What Is Alcohol Really Doing to Your Penis?
There's nothing wrong with having a few drinks after work, at a barbecue or in a social setting, but 22 percent of American men binge drink—defined as five or more drinks in two hours—an average of five times a month.
It's well-known that binge drinking is harmful, but there's one aspect most men probably don't consider when they're playing their third game of beer pong: How is this going to affect my penis?
The effects of alcohol in the short term
Most men have heard the term "whiskey dick," whether they've experienced it or listened to a friend relate a failed sexual encounter that they blamed on booze. Luckily, erectile dysfunction (ED) caused by alcohol consumption is a temporary condition that happens for several reasons. Firstly, as a depressant, alcohol slows the flow of information from the central nervous system to the rest of the body, and yes, that includes the penis. Drinking too much means your penis isn't receiving the cues it needs to get hard, no matter how aroused you might be.
Beyond that, alcohol is also a diuretic, meaning it causes you to urinate more. If you haven't been hydrating with water throughout the night, you can run the risk of becoming dehydrated. When you're dehydrated, the volume of blood in your body decreases, which means you have less blood to make your penis erect. Dehydration also boosts the body's level of angiotensin, which is a hormone linked to ED.
So, what do you do if you get caught with your pants down, unable to get it up? Erectile dysfunction is never a fun thing to experience; it can be uncomfortable and embarrassing. But remember it's more common than you may think. The best way to handle the situation is to be honest with your partner. If you're too drunk to get erect, you might be better off not having sex anyway.
The effects of alcohol in the long term
Getting whiskey dick a few times when you've been drinking isn't cause for alarm, but at a certain point, it can dip into dangerous territory. If you find that you're drinking more often than usual or you feel dependent on alcohol, you should consult your doctor.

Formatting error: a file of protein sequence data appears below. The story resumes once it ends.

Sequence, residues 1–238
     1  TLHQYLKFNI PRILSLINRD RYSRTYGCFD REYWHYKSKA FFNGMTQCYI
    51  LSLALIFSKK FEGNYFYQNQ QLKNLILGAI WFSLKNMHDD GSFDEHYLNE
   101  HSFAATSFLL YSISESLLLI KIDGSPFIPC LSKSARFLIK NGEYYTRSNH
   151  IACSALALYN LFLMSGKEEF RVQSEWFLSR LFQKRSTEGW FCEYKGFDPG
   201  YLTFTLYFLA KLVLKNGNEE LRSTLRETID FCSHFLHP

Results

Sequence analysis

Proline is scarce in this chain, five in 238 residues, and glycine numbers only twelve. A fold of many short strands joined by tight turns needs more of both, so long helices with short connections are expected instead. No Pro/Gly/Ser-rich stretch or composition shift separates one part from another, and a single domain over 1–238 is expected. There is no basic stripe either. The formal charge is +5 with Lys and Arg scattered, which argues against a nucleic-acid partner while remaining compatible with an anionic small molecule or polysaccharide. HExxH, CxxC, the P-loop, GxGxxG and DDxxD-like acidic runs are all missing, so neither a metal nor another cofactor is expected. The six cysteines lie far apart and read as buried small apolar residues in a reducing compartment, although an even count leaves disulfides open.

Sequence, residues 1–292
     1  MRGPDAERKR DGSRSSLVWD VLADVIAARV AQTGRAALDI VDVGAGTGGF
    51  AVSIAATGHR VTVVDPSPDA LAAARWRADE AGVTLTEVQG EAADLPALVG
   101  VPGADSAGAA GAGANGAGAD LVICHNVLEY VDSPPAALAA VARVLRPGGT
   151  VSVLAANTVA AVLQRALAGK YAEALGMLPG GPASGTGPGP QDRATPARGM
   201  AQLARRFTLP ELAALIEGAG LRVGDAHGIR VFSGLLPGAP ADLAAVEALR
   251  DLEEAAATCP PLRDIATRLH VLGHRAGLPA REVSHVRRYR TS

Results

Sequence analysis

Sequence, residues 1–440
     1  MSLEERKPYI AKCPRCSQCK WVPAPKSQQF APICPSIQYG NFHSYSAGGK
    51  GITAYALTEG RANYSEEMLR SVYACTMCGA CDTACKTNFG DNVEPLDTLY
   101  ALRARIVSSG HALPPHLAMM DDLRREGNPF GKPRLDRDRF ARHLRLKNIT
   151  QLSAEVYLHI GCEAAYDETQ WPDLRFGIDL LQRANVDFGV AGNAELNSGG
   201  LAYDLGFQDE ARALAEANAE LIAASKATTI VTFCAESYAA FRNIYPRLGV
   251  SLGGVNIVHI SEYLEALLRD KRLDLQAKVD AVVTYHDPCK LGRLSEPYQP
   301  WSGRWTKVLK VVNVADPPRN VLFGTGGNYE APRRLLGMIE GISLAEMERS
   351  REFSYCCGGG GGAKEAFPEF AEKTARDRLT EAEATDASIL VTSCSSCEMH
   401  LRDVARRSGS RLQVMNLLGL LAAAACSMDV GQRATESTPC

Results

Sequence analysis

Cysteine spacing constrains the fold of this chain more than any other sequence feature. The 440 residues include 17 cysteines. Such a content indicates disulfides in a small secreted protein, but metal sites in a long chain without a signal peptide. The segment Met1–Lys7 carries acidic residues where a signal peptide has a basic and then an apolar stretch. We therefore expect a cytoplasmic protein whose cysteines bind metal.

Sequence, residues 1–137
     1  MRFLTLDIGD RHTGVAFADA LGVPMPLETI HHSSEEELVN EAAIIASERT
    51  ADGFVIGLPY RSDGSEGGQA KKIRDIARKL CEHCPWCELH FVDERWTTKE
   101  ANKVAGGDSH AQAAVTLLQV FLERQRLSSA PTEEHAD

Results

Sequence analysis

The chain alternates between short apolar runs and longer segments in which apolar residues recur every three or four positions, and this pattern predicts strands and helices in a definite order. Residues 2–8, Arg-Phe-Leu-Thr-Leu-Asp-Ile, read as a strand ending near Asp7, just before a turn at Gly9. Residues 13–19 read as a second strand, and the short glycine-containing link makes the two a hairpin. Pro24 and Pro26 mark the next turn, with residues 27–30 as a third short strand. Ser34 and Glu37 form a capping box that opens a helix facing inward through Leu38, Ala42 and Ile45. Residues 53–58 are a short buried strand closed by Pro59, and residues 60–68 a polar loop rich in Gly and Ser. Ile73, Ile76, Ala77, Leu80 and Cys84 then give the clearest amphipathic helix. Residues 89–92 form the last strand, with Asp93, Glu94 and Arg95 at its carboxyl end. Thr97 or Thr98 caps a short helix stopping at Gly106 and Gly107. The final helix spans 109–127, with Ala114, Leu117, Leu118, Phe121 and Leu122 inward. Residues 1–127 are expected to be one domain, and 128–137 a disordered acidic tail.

Researchers have conducted studies linking alcohol to sexual dysfunction and found that 72 percent of alcohol-dependent men experience at least one type of sexual dysfunction. The most common types were premature ejaculation, erectile dysfunction and low sexual desire. And it becomes a vicious cycle as an increase in sexual dysfunction can worsen feelings of distress and damage relationships, which in turn often leads to increased consumption of alcohol.
It's not all bad news, though. In moderate amounts, alcohol can have a positive effect on health, especially with the prostate. Studies have shown that consumption of two or more alcoholic drinks per day can reduce the risk of an enlarged prostate by 33 percent. A study from Harvard Medical School found that red wine reduces the risk of prostate cancer.
What does all of this mean?
In short, there's nothing necessarily wrong with moderate alcohol consumption—in some cases, it can be beneficial to maintaining your sexual health. The key is not to overdo it. Men have a higher tendency toward alcohol dependency than women, so they should be careful to watch their alcohol intake.
If you feel you are dependent on alcohol and are looking for help, be sure to contact your doctor or reach out to the Substance Abuse and Mental Health Services Administration (SAMHSA) National Helpline either online or by calling 1-800-662-HELP (4357). Remember, support is always available.